Making art full-time that year was a wake-up call, and it convinced Lindner to start her own business, one that would support and nourish her creative career. She called Eckersley, who’d moved to San Francisco and was working as a clothing designer for another company, but was ready to start her own business as well. For Lindner, a return to fashion seemed a way to channel energy into making objects more accessible, easier to integrate into everyday lives.
“Fashion—it’s always been there as a way to create identity and make statements about identity, to influence culture and shift perception,” Lindner says. “Another influence for me was always The Philosophy of Andy Warhol and his approach to combining business and art—the idea that the business of design could also be an art project.”
Torn between starting a business in Seattle or LA, Eckersley and Lindner visited Seattle in the picture-perfect summer of 2004 for some R&D. They booked a day room at the Capitol Hill Library where they drew up a business plan for Prairie Underground. Three months later they sold most of their possessions and relocated to the Northwest. To walk out of her First Hill apartment and see the water instead of that big sky horizon was an unexpected balm. Lindner was hooked.
“I didn’t realize how much more liberal Seattle was until I moved here,” Lindner says. “I have this intense memory of smoking a cigarette while driving my car and throwing the butt out the window. The car behind laid on the horn. I literally thought my car was on fire he was honking so much. He rolls up to me and says, We don’t do that here! I try to reenact that now, try to uphold the incredible values people have here. They might be difficult, but they have real impact.”
Still, Nebraska echoes in the imaginations of both Lindner and Eckersley.
“There’s something at work with Midwest Depression-era values that are a true aversion to waste,” Lindner muses as she sits in her office. “My grandparents in Nebraska were recycling in the ’70s. In small communities there’s a more acute awareness that you don’t have unlimited resources, that you have to create things yourself. It’s a more holistic way of life that capitalistic society has pushed us away from. It’s a really poetic and beautiful model, for both business and society. Relationships can be enhanced by it.”
The philosophy of no waste, product quality and art are the hub around which Prairie Underground operates. All their sewing is done locally. The textiles are sourced from sustainable, recycled or upcycled resources.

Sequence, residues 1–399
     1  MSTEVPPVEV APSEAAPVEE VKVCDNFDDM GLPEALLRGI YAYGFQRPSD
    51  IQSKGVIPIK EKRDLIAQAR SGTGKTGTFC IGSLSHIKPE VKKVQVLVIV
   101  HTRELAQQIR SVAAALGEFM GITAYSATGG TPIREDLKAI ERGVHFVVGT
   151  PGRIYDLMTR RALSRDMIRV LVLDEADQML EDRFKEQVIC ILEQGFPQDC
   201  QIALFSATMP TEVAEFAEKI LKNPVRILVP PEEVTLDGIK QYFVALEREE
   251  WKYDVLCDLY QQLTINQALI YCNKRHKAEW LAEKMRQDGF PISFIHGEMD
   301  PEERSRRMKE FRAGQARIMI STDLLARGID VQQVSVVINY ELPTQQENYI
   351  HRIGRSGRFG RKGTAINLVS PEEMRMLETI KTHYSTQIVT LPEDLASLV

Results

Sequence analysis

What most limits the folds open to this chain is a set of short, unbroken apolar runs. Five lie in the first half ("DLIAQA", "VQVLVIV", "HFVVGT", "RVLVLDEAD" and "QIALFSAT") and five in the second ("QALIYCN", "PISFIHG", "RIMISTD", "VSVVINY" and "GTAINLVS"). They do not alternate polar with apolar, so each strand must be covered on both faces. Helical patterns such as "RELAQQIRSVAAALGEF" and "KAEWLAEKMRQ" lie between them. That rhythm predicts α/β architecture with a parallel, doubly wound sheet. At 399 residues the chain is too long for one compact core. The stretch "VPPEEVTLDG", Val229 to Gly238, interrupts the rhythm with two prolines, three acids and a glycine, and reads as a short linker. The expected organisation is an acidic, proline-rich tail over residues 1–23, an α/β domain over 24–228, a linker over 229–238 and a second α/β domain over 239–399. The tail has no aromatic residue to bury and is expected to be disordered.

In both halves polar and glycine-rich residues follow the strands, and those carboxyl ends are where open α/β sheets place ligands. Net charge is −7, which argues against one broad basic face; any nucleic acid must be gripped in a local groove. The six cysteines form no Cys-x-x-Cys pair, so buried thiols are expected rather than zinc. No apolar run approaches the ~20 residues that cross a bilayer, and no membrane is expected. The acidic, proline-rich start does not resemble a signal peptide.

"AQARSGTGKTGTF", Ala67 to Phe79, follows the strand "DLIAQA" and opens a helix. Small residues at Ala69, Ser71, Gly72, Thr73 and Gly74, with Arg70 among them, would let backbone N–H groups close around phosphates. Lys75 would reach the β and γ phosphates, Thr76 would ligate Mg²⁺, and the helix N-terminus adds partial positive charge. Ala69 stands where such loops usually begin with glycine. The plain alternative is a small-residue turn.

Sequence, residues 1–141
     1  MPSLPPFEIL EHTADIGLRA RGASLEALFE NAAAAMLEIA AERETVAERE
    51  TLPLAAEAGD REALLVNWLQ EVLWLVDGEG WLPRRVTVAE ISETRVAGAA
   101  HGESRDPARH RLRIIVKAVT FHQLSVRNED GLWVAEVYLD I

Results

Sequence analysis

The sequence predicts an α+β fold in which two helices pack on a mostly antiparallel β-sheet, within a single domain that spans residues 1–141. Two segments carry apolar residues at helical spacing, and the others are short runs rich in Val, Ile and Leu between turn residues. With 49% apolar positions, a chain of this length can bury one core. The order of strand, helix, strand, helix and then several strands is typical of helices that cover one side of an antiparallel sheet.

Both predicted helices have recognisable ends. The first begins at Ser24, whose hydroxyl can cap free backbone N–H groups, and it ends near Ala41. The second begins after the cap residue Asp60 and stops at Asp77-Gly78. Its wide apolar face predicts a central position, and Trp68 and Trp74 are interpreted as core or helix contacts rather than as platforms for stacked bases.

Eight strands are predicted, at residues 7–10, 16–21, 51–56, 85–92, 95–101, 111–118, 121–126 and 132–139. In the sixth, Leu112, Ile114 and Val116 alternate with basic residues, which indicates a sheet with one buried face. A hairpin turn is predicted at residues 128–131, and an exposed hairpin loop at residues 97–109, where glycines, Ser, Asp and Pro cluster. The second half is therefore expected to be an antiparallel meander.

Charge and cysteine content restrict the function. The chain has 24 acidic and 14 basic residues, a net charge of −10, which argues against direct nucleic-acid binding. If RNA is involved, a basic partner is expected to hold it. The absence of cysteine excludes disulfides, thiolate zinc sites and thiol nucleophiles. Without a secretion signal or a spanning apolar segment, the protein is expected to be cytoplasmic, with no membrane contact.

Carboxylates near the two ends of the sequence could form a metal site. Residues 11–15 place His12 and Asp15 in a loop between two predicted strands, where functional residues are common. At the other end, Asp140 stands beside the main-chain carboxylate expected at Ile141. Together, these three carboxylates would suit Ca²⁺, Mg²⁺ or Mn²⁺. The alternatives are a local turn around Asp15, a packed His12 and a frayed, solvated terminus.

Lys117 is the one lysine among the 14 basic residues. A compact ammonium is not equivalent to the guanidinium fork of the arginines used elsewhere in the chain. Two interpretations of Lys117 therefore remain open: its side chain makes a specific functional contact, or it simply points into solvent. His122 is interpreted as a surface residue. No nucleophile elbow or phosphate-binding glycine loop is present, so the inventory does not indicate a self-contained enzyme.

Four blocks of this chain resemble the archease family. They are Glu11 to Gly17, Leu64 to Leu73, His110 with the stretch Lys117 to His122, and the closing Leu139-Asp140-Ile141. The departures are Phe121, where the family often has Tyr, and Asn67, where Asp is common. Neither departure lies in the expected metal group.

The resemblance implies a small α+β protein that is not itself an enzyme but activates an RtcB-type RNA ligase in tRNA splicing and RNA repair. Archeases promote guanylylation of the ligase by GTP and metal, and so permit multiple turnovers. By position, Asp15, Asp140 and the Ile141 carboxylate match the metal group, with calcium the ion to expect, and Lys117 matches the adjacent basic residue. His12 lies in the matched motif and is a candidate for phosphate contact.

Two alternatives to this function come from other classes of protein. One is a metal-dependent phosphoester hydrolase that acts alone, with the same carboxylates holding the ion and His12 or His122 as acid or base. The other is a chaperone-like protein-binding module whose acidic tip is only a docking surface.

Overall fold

Prairie Underground has lived up to its name, building a team of designers with artistic backgrounds, growing gradually by word of mouth and amassing a loyal army of customers, but Lindner has mixed feelings about the growth of the city. “I’m lamenting the idea of living in a very progressive city with no heart, in a city that is teeming with ghosts,” she says.
She worries that the stories of those who have done so much work in art and activism in both Seattle and New York might be lost to short-sighted vision and short-term memory. That’s one reason Lindner has no intention of moving on: This is home, and the bustle and ever-expanding number of art spaces cropping up near her Georgetown warehouse thrills her. Such energy offers new ways of unfolding the Prairie Underground story—the politics of envisioning slow, green, alternative ways of manufacturing—while engaging artists.
“Our ideas are always evolving and changing,” Eckersley says. “When we started Prairie we knew we wanted to create something good in the world. What that is is an ongoing discussion. Davora and I are able to challenge each other while giving space for us each to pursue interests and passions. I tend toward tunnel vision and pure ideas of sustainability, environmentalism. Our collaboration allows me to see bigger picture ideas and different ways of approaching things.”
As Lindner checks in with the plumber to make sure the ground hasn’t split at the seams, she notes that one benefit of managing a huge warehouse is that it provides another way to support artists.
“That will always be a major driving part of our company,” she says. “To create knowledge and awareness of artmaking in this neighborhood.” Each exhibit they present comes with a small stipend for artists.
For Lindner, the commitment to art, activism, fashion and transformation is a constant; the script has never really changed. Prairie Underground’s slow fashion continues to leave its mark on Seattle, inscribing the city with a healing energy, looking forward to a future filled with endless possibility, compassion and the gift of self-invention.